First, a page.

As the calendar year flips to 2007, it’s full steam ahead for the ceramic tile industry. As technology and innovation spark new products and new ways to use them with striking regularity, the ceramic tile market continues to flourish and prosper, with sales representing nearly 13 percent of the lucrative $24.5 billion floor covering industry.
But as with any industry, especially one that relies heavily on a global economy, there are challenges ahead. Here in the United States, those challenges are being met head-on with new ideas and new ways of thinking. Currently, 81 percent (*unit volume) of all ceramic tile is imported to the United States from world markets, namely Italy, Spain and Brazil, and it’s that very statistic that is at the heart of the recent changes and trends in the ceramic tile industry. Several economic factors, namely a sharp increase in the euro that has weakened the dollar, has led foreign ceramic tile manufacturers to look closely at building or purchasing new facilities on U.S. soil. Most who have looked clearly saw the advantages, and most recently Italy’s Panaria Group purchased Florida Tile and began building a new glazed porcelain facility in Kentucky. Florida Tile joins Crossville, StonePeak, and many others, who have all caught up with American Marazzi in recent years, which began manufacturing ceramic tile in the United States in 1981.
Of course, there is no oil in a ceramic tile, but the industry relies heavily on oil and its by-products to power the machinery and fuel the trucks and ships that bring over 70 percent of Italy’s ceramic tile products to world markets. These economic factors began to take hold in 2004, when sharp increases in the cost of raw materials forced manufacturers to raise their prices, further pinching margin for U.S. importers, distributors, retailers and ceramic tile dealers.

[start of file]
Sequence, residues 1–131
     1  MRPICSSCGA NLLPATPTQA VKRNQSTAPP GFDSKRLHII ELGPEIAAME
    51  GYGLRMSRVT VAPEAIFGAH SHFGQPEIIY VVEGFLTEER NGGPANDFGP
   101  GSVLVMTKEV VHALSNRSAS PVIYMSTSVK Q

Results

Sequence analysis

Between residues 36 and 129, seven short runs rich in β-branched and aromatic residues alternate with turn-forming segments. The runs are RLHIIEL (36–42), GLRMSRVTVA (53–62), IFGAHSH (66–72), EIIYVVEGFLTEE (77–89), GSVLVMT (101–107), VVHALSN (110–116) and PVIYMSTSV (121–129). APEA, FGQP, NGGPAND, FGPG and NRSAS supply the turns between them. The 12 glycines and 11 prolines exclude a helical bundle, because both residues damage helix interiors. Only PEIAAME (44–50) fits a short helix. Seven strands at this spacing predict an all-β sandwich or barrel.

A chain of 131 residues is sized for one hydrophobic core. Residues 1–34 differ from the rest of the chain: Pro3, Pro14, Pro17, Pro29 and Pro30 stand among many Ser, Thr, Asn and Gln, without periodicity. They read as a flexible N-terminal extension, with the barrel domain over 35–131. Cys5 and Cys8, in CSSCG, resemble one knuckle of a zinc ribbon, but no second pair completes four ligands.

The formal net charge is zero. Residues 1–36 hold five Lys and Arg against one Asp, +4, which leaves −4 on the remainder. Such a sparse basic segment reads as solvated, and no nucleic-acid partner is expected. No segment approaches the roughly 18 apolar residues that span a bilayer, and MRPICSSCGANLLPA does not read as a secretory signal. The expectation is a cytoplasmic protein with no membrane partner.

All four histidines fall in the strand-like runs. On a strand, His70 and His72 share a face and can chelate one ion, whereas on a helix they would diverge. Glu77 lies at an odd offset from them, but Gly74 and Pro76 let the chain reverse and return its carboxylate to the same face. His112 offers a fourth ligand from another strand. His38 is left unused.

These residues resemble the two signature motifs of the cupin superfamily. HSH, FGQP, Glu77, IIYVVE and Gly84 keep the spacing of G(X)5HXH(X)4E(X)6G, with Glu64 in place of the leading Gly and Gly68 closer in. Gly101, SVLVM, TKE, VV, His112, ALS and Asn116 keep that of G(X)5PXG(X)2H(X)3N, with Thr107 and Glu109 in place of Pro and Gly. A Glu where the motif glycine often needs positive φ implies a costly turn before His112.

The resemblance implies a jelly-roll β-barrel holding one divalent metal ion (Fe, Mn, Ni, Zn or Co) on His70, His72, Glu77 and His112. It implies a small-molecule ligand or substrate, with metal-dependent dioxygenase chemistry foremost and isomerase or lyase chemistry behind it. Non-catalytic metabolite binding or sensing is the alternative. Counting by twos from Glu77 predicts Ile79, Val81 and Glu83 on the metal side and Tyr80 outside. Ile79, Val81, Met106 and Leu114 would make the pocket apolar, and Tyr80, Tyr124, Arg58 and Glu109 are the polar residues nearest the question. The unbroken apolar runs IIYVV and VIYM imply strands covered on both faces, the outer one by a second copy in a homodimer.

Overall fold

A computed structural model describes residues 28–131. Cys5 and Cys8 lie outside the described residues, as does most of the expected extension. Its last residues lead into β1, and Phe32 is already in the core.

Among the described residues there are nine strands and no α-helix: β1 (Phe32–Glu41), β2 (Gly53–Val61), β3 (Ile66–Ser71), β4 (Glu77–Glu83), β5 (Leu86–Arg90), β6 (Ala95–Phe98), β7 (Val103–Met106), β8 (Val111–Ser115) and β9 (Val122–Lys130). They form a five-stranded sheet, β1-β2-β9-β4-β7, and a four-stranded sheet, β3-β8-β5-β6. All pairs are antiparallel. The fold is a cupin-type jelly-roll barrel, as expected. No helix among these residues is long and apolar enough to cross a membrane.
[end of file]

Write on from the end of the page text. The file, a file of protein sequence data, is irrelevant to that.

“When the Marazzi family decided to begin manufacturing ceramic tile in the United States people thought they were crazy,” said Hector Narveaz, vp of U.S. sales for American Marazzi. “But here we are, 25 years later and we’re still here. We’re still going strong. We’re still adding capacity. Right now, for a commercial tile distributor, doing business with a euro-based supplier is 30 percent more expensive right off the bat. The currency exchange has a huge impact, which is compounded by lead times, specialty pallets, ocean and freight rates. The bottom line is if a firm goes domestic that cash can be used for other things. It can be used to improve the business.”
Through all changes in the world economy, one thing has never changed: The United States remains the most lucrative consumer market in the world. With Italy and Spain’s ceramic tile consumption much closer to saturation than the expansive U.S. market, and the remarkable advancements in technology that has led to a highly specialized and diverse product matrix, the U.S. market has more room for growth by far than any country in the world.
“The U.S. market is the largest in world,” said Buck Burwell, CEO of Florida Tile, “everyone wants a share. Logistically, importing tile from Italy is a huge issue facing the industry. The expense-to-weight ratio is critical. A tile firm can spend 10 percent of costs on just freight alone. Given all the factors, and considering a balanced currency, it cost 35 percent more to bring products over from Italy than it does to manufacture them right here in the U.S.
“There are other distinct advantages. The U.S. market, because it’s so big geographically, places a great demand on distributors. That’s one of the most important factors. Panaria didn’t just purchase Florida Tile; it purchased Florida Tile’s distribution capabilities, too. If you can’t get product to the jobsite efficiently then you have a problem. The plants that are constructed here are state-of-the-art, and we are benefiting from the transfer of technology and expertise. But these products are being manufactured right here in the good ole’ USA. That’s a win-win combination.”
“American distributors are quickly recognizing that U.S. based production is a very important part of their product mix for the future and are quickly adding in new, innovative lines to balance out their portfolios,” says Paul Young, general manager of Mediterranea. “The technological capabilities of the U.S. factories have improved so dramatically over the past two years that it is now possible for us to make just about any product here that we were only able to make in progressive countries like Italy in the past. If you are a distributor and can carry much less inventory because it days from your reach, can obtain more turns per year on your inventory dollars, can obtain an innovative, high style at a price that is competitive with landed costs from Europe - you would remiss in not taking a serious look at this opportunity and trend.”